WACO, TEXAS (AP) - Kim Mulkey’s voice echoed loudly from the court as the fiery Baylor coach shouted instructions and encouragement to her players during their final on-campus practice before leaving for the NCAA Final Four.
Mulkey had promised to make no changes in how she will coach the undefeated Lady Bears this week, even after learning that she has Bell’s palsy, a form of facial paralysis. And she showed it on Thursday, with her voice clearly audible from practice nearby as the team prepares for Sunday night’s semifinal showdown with Stanford.
“When I smile it’s crooked and when I talk, and talk loud, the hollowness in my hearing is weird,” Mulkey said. “But it’s not going to keep me from hollering.”
Mulkey disclosed the diagnosis before practice, unveiling and then discussing a potential distraction for the team. She said she first noticed a strange feeling in her tongue while in Des Moines for the NCAA regional last weekend. Things got worse Wednesday when the coach had what she described as a weird feeling in her mouth while eating, then saw in a mirror on her way to practice that her left eye was drooping and her smile was crooked.
Concerned that the symptoms could be the onset of a stroke, Mulkey checked with team trainer Alex Olson, and he advised her to get immediate attention. The diagnosis of Bell’s palsy came after she saw two doctors and had an MRI that ruled out a tumor or a stroke.
“I know that I will recover,” Mulkey said. “It will take some time to recover and it may get worse before it gets better.”
Olson said Mulkey is being treated with anti-viral medication and oral steroids to reduce the inflammation of the facial nerve that causes the problem. It can take weeks or months for symptoms to subside.
The Lady Bears are two wins away from their second national championship under Mulkey and the NCAA’s first 40-win season. In the other semifinal Sunday, also featuring No. 1 seeds, Connecticut plays Notre Dame. The Lady Bears left for Denver after practice Thursday.
Baylor advanced to the Final Four, its second in three years, with a 77-58 win over Tennessee and coach Pat Summitt on Monday night. Summitt announced in August she had early onset dementia, Alzheimer’s type. It is unclear if the 59-year-old Summitt, whose 1,098 career victories are the most by any coach in NCAA basketball history, will return for a 39th season.
Baylor officials said Bell’s palsy is caused by a dysfunction of the facial nerve that results in the inability to control facial muscles on the affected side. It usually has a rapid onset of partial or complete paralysis that often occurs overnight. Many doctors believe the inflammatory condition is caused by a virus.
“I don’t obviously have a severe case of it,” the 49-year-old Mulkey said. “Because I’ve seen the worst. I’ve seen people who have it where their face is totally drooping.”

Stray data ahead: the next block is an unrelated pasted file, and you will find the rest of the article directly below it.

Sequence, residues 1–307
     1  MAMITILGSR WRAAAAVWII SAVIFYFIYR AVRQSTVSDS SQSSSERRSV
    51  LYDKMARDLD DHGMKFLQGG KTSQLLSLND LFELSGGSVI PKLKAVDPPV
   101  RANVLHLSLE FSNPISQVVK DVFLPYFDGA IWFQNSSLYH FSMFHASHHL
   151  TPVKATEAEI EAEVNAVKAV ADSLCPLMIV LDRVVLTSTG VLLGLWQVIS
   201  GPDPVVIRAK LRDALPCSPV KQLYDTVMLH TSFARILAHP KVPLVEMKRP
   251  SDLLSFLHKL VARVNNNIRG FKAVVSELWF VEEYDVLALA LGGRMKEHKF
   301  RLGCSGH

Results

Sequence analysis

Mulkey said don’t think she’s not happy because she’s not smiling.
“I’m not smiling because I don’t want people to see my crooked smile,” she said.
Olson said most people taking steroid medication like Mulkey will begin to see improvement within about 10 days. He said the coach will be monitored to make sure there aren’t any adverse effects from the medicine, which he doesn’t expect.
“You sure?” Mulkey yelled while turning toward him, inducing some humor into the explanation. “And y’all (reporters) need to look out because they tell me these steroids make me irritable.”
Mulkey said she is concerned about possible inner ear problems because of the mile-high elevation in Denver, and that doctors will have medicine for her if that becomes an issue.
Mulkey publicly disclosed the ailment after players Brittney Griner, Odyssey Sims and Destiny Williams _ with Mulkey sitting at the podium with them _ talked about the Final Four, then left the room to get ready for practice. Later, Mulkey could be heard loud and clear in a nearby work room as she communicated with her players on the court; they had already been told about her ailment.
Mulkey missed Baylor’s NCAA tournament opener in 2009 after surgery to remove a kidney stone, though she returned to the court two days later.
“I learned then your health keeps you in the game or it doesn’t, and we have really no control over health issues a lot of times,” she said. “I learned then this game can be taken away from you in a heartbeat. I’m pretty tough and I can hang through a lot of things, but I know when something’s not right. I knew the kidney stone wasn’t right, I knew this wasn’t right.”
Still, Mulkey isn’t going to let the latest ailment take away from the Final Four experience and the pursuit of another championship. She said she can’t get enough tickets for all her family coming to the game from Louisiana.
“It’s intense, it’s pressure-backed, but it’s fun,” she said. “We’re going to enjoy the scene at the Final Four and we’re going to do things because the older I get the more I realize you may never get back to another one. Go enjoy your family and go do some fun things with your family. We can focus at the right time.”
Copyright © 2021 The Washington Times, LLC.